I think I just nursed my little one for the final time.
He's my third baby, our last.
Lately, it would appear that we are both ready for our nursing relationship to draw to a close, but that doesn't make it any easier on this mama.
Tonight, we did our usual story time, nursing, singing, rocking routine, and I lingered there with him knowing this was likely the final time we would be experiencing this, just the two of us. This weekend he's going on an adventure with his daddy and brothers, and when he comes back, I don't know if he will ask again. There were two nights this week (including his second birthday) that he just sat contentedly in my lap while we sang our songs and rocked.
The mother-nursling relationship is so unique in that it provides a beautiful, nourishing place that only mom and baby get to experience together. That awesome "love hormone" oxytocin is released when baby feeds, and it has amazing benefits to both mom and baby. No one else in the family can share this as it's perfectly created for just them. It's such a special, intimate time as mother and baby bond from the very beginning. As baby grows, mom's body continues to provide absolutely everything - from beginning to end - that baby needs. It's such a miracle.
This time around, I knew that babies do eventually wean, and so I was in no hurry to rush it. I had no problem nursing him for two years. I used to think it was strange to nurse that long, as many physicians are eager to start babies on cow's milk once they turn a year. But I read an article several months ago that reminded me that we are the only species that is encouraged to drink another animal's milk at the age of one. It didn't make sense to me, and so I did what felt right for me and for him. I kept going, knowing that what my body was producing for him was perfect.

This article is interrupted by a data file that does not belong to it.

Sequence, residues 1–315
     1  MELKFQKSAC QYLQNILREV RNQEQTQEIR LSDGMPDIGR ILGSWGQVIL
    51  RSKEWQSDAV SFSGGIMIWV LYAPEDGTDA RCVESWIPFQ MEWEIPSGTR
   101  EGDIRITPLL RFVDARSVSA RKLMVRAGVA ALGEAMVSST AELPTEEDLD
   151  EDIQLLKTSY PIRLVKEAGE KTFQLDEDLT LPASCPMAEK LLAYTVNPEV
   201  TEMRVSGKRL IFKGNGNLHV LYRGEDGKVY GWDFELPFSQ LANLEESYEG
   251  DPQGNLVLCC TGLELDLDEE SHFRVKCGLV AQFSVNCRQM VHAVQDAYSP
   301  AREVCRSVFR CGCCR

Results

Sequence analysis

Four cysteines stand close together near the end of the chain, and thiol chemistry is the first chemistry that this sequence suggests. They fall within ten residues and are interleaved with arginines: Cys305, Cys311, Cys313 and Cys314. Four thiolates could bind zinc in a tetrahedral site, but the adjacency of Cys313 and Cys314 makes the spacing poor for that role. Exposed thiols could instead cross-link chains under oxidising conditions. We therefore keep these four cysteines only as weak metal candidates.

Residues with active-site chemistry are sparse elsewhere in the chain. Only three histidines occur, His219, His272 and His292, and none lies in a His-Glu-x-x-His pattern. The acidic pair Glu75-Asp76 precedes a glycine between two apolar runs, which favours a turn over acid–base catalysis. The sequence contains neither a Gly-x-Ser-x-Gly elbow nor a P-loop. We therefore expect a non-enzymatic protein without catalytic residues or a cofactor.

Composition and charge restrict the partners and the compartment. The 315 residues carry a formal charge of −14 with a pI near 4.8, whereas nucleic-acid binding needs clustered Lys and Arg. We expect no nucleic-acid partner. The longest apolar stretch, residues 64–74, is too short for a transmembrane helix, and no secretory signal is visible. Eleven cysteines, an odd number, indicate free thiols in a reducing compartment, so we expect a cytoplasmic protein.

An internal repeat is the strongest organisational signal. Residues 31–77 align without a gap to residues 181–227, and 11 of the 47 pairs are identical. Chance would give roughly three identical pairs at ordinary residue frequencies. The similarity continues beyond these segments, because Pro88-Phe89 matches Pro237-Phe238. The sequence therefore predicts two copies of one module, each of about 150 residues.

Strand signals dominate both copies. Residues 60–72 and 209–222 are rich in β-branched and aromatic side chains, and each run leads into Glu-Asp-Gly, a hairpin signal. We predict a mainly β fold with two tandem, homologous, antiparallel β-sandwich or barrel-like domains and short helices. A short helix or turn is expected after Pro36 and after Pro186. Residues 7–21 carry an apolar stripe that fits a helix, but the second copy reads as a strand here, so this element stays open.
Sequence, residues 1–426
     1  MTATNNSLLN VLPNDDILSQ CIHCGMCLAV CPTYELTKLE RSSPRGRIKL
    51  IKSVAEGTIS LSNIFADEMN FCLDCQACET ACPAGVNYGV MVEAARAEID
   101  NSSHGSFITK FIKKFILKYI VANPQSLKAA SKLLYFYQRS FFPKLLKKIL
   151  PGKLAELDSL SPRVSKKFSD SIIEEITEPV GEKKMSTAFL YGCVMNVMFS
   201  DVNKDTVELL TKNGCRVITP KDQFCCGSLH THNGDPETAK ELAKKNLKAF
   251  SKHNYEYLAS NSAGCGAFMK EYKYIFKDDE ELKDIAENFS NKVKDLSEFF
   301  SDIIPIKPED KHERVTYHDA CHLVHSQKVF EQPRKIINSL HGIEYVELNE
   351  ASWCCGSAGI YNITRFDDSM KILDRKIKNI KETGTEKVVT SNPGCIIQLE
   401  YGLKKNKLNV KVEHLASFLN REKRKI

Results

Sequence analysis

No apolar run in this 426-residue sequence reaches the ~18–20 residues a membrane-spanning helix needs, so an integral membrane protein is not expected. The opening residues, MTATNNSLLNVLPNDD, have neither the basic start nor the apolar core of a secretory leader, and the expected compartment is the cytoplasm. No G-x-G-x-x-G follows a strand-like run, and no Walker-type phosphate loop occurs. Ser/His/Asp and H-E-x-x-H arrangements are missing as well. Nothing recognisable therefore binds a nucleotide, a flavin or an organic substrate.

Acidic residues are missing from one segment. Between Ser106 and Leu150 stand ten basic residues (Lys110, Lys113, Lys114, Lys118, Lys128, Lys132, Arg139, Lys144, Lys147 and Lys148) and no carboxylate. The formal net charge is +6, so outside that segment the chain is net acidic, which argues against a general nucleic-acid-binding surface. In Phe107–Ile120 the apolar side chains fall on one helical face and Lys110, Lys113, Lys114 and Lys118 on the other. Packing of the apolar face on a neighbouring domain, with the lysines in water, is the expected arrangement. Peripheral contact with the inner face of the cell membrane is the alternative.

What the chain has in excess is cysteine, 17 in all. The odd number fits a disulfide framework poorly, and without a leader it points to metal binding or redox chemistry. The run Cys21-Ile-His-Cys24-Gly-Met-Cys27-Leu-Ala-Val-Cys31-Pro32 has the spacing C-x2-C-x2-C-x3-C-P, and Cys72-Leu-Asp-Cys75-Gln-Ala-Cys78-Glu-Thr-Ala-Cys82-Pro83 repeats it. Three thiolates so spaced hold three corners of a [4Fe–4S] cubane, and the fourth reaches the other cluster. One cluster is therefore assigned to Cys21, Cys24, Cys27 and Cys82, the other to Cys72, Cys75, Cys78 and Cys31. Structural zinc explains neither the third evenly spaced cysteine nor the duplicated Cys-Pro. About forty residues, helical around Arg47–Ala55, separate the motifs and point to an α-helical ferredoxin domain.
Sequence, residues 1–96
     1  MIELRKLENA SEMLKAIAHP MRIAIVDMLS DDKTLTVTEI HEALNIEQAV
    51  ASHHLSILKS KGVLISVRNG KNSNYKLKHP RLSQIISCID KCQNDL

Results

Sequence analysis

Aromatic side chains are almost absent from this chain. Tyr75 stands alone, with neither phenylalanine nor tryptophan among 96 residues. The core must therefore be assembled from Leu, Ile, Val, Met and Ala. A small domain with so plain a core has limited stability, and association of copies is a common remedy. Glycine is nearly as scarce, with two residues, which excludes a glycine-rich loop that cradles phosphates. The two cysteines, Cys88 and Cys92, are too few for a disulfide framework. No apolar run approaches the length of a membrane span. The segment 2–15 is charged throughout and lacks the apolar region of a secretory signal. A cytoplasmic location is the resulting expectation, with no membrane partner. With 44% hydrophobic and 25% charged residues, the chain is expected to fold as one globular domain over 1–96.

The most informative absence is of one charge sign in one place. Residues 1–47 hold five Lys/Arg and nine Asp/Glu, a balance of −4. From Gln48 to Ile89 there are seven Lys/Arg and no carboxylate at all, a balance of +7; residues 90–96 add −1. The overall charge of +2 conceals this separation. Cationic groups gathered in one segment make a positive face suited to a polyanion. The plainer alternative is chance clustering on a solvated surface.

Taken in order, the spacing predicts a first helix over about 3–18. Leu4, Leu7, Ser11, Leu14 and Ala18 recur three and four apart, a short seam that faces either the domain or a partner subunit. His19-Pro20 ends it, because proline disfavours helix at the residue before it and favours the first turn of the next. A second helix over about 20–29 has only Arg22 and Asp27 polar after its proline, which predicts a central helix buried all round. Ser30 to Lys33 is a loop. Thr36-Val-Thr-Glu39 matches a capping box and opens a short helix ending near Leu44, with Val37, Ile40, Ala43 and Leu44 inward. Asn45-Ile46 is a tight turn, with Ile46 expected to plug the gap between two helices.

What a gift.
I know breastfeeding is a very personal decision and that not everyone chooses to do it. This is definitely not an advertisement for or against it.
I just wanted to share what it has meant to me.
Tonight, I was in no hurry to rush him, and it was like he knew...because he wasn't in any hurry to finish either.
And in the dim light, in the quiet, with tears streaming down my face, I saw his little hands trying to form the number "two" since he is, after all, two.
I held my fingers up to show him how to do it again, and then I helped him form his little fingers into a two. He giggled and smiled and suddenly popped off my breast and excitedly exclaimed "TWO!"
Yep, baby boy. You're two. Lots of new adventures await us.
And I'm so glad I get to share them with you.
Thanks for reading.
Happi loves serving families in the Northwest Suburbs of Chicago as a labor doula and childbirth educator. When she's not at a birth, she loves spending time her husband and three boys.